A sprawling collection of crooked and cracked gravestones, tombs and crypts, hidden beneath lusciously overgrown greenery lies in the heart of London. The Highgate Cemetery looks like a surreal scene right out of a horror movie, so much so it has even featured in a couple such as 1972s ‘Tales From The Crypt.’
Built in 1839, the Highgate Cemetery was purposeful in easing the burden death had placed on small church yard cemeteries, which were overflowing and causing health concerns. The Highgate soon became a popular way for families to lay their loved ones in peace, whilst displaying their wealth and importance through creating opulent Victorian style grave markers.
Around the 1960s the Highgate Cemetery began to fall into disrepair. Coincidentally this is also the same time it gained back some popularity by becoming the home to the notorious Highgate Vampire. Naturally, other tales followed these claims that the Highgate Cemetery is haunted.
The Highgate Vampire
Highgate Cemetery is divided into two sections, the East and the West. These cemeteries are divided by Swain’s Lane, which was to become notorious for its reports of Vampire and ghoul sightings. These commenced in the early 1960s when a pair of teenage girls claimed to sight the dead rising from their graves as they strolled down Swain’s Lane late at night. Shortly after they reported this incident, another report of a horrid black figure lurking behind the gates of the cemetery was reported, again by people walking along Swain’s Lane.
Many more came forward claiming to sight a tall, dark shadow figure after these reports gained some traction with the public. Then, police began receiving notifications of animal carcasses turning up, in and around Highgate Cemetery, that were completely drained of blood.
The media soon picked up on this story and the legend of the Highgate Vampire was born. The story became further sensationalized in the press when two rival magicians began researching and investigating the legend. The story was to spiral out of control as these rivals began competing head to head to be the first to capture or kill the Highgate Vampire. The Vampire craze peaked on Friday the 13th of April, 1973. On this date a vampire hunt was organized, resulting in the desecration of the cemetery. Graves were vandalized, disturbed and some corpses even exhumed to be staked or beheaded.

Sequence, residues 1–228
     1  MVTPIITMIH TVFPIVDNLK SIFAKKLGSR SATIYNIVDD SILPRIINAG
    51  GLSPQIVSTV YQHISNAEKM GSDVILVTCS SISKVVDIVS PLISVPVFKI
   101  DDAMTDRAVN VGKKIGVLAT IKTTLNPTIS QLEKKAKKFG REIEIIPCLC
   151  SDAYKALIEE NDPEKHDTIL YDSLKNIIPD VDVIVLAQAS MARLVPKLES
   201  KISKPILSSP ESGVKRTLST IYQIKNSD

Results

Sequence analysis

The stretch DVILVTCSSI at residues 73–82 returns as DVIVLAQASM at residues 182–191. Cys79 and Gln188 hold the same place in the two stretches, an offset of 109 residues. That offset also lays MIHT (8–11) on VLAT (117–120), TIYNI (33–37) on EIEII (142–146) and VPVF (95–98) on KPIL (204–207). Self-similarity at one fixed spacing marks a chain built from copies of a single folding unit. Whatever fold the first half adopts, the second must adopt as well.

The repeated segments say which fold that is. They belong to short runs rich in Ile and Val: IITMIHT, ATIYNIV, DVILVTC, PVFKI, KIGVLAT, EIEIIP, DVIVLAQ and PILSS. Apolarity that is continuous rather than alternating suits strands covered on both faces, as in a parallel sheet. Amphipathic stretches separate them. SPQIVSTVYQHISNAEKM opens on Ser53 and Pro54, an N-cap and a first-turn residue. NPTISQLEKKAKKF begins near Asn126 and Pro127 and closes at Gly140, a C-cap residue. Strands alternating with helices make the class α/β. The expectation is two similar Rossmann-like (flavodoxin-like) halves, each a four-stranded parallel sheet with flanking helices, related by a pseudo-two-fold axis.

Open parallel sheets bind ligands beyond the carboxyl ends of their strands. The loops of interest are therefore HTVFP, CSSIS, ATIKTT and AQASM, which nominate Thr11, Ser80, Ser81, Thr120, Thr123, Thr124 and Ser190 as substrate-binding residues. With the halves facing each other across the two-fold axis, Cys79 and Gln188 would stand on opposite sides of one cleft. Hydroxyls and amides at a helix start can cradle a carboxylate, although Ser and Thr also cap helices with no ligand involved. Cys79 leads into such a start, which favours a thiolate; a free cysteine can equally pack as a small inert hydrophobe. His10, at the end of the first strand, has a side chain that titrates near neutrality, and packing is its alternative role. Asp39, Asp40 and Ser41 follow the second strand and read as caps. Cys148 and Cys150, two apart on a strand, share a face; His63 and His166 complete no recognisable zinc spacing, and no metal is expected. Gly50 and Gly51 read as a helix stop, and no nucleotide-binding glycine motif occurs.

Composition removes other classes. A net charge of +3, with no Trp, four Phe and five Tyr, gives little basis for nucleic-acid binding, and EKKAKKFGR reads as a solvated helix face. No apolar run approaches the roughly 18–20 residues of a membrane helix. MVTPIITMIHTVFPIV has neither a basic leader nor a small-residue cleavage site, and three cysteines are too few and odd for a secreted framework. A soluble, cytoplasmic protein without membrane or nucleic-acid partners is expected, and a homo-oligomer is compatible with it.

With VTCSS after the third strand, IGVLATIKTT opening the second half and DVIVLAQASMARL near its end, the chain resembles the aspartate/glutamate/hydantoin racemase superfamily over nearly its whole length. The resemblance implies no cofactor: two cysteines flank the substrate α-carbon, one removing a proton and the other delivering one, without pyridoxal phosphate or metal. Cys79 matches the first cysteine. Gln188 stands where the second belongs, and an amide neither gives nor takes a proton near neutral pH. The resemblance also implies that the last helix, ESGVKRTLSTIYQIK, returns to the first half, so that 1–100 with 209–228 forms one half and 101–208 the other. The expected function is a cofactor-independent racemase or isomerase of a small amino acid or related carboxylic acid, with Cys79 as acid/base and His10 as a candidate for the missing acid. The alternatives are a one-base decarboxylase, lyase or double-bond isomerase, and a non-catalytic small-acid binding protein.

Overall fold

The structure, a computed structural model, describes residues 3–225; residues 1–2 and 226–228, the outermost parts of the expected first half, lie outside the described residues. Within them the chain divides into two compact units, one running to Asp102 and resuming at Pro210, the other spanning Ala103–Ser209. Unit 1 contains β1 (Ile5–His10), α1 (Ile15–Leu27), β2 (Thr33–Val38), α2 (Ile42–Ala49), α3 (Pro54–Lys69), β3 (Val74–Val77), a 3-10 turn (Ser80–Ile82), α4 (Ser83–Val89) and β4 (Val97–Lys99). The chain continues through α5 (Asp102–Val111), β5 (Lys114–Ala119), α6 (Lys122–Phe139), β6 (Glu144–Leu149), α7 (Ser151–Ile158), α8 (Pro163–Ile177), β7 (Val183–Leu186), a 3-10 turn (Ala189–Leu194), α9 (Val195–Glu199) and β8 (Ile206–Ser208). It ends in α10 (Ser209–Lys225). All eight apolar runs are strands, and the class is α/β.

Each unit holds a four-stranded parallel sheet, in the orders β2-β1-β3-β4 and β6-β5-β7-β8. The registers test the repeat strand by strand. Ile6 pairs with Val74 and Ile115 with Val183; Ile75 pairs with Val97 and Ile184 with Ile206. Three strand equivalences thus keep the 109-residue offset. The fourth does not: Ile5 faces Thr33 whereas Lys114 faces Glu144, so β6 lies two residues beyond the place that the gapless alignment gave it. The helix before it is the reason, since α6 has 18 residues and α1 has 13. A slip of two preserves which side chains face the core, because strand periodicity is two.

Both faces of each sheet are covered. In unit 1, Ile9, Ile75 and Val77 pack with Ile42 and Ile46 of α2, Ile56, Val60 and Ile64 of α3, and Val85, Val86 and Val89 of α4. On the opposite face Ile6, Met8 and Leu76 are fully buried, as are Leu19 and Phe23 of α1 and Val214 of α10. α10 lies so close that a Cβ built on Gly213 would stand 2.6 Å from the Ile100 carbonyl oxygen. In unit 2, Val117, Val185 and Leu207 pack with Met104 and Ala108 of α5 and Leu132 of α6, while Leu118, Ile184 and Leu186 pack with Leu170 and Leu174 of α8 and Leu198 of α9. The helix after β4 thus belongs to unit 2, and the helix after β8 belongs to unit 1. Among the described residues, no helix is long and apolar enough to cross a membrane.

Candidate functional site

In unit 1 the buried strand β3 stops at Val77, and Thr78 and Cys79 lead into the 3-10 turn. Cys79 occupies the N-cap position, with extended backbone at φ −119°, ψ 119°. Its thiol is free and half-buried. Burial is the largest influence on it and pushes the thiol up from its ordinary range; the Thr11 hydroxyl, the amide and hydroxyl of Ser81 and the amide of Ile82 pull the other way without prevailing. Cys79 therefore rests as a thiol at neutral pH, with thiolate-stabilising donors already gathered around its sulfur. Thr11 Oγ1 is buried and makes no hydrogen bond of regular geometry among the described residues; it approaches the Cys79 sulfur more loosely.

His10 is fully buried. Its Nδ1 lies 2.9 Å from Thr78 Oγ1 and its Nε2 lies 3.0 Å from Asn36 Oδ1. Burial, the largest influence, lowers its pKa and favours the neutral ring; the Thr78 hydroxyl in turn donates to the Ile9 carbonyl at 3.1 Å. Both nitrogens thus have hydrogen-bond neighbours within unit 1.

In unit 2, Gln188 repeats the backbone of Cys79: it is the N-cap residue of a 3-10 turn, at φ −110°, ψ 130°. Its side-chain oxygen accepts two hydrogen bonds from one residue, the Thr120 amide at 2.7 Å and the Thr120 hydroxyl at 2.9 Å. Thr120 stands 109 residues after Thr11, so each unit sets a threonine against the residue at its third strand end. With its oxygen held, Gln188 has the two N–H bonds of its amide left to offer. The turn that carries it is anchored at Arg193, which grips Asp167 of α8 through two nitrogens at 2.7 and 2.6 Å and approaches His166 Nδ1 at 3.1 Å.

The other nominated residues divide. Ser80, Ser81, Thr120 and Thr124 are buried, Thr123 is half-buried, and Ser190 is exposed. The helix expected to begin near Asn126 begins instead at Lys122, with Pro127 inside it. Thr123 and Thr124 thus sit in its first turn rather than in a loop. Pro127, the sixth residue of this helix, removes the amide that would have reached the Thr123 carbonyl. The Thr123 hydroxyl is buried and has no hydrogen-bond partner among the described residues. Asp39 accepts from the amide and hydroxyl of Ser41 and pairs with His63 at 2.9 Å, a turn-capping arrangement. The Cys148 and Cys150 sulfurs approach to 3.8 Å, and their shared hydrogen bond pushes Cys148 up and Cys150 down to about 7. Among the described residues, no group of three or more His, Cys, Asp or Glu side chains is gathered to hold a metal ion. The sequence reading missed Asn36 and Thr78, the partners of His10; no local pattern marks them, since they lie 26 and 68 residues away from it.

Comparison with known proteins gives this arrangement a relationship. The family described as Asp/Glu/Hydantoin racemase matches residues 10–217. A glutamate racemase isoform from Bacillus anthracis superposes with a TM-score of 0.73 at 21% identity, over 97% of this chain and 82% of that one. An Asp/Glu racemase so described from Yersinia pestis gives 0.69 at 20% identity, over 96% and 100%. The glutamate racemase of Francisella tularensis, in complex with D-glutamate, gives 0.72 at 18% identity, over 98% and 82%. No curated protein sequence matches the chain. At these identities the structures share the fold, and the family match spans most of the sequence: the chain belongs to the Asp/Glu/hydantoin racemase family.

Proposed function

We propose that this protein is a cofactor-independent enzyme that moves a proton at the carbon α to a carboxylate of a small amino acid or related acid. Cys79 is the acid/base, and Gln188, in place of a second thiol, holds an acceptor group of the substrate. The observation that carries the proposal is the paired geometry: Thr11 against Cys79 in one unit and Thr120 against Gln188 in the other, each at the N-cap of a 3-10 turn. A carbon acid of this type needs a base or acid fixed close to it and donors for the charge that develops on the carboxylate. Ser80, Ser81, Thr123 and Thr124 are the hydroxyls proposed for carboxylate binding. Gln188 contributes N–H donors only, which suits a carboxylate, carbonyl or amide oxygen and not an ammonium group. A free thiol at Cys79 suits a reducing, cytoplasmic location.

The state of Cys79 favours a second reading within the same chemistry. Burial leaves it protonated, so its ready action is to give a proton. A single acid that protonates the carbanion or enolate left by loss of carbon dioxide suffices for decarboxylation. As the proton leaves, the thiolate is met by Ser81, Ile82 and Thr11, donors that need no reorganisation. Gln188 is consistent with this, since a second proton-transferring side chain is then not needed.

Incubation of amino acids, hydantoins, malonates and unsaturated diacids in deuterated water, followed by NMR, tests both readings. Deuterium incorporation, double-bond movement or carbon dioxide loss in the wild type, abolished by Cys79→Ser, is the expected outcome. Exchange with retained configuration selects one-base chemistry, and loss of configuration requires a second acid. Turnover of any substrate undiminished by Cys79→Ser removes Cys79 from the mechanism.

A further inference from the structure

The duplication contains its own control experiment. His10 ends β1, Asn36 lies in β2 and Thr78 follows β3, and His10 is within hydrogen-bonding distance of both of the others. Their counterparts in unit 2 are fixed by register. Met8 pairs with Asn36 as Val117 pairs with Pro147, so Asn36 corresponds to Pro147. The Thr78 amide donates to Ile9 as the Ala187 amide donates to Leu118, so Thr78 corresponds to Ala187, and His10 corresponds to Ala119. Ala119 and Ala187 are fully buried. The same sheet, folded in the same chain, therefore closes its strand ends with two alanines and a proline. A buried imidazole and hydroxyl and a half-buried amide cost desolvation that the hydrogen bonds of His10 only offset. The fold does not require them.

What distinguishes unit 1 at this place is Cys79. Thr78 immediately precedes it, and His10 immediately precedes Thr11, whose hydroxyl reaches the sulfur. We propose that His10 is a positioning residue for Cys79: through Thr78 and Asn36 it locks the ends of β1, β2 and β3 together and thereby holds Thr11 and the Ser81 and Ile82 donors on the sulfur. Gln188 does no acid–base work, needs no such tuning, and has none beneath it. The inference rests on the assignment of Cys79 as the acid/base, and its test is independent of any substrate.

Though this was the peak of the Vampire craziness surrounding Highgate, other strange occurrences continued for some time. Many believe that it became a place where dark occult rituals occurred. More corpses were disturbed, one even mysteriously ending up in a man’s parked, locked car.
Though likely a sensationalized story blown out of proportion, Vampire sightings continue today and the legend of the Highgate Vampire remains popular folklore within the city of London.
Check out this video for a tour of and Vampire hunt within the haunted Highgate Cemetery.
Haunted Highgate Cemetery
Whilst the Highgate Cemetery looks like a stereotypical spooky scene, many actually believe the cemetery to be haunted. Vampires aside, the cemetery has a few ghost stories to tell.
Many people have claimed to sight the ghostly figure of a crazed elderly woman within the Highgate Cemetery. She has long, knotted grey hair and is seen darting quickly amongst the tombstones. It is told that she is in search of her deceased children, which she murdered whilst still alive.
Other claim to have sighted a shrouded grey figure that remains still, staring into empty space until approached when it will simply vanish into thin air.
Further claims of ghost sightings in the Highgate Cemetery and nearby Swain’s Lane exist. Some have seen what is described as a Hat Man, a cyclist, faces peering through the barred off entrances to the cemetery and a woman in white. There have also been some who have heard disembodied voices and the eerie sound of bells chiming when no one is around.
Visiting Highgate Cemetery
These days visits to the Highgate Cemetery are still possible, but will set you back a couple of pounds.
To visit the West Cemetery you must take a guided tour. Make sure to check with the cemetery ahead of time to organize these and avoid disappointment. Tours last about an hour, are very informative and are necessary due to safety reasons.
The East Cemetery is accessible after paying a small fee and can be explored in a self-guided fashion. It is safer, less overgrown, yet not as architecturally stunning as the West side.
I highly recommend visiting both sides of the cemetery. I immensely enjoyed the tour and exploring the rest of the East Cemetery at my own pace.
Thanks for reading!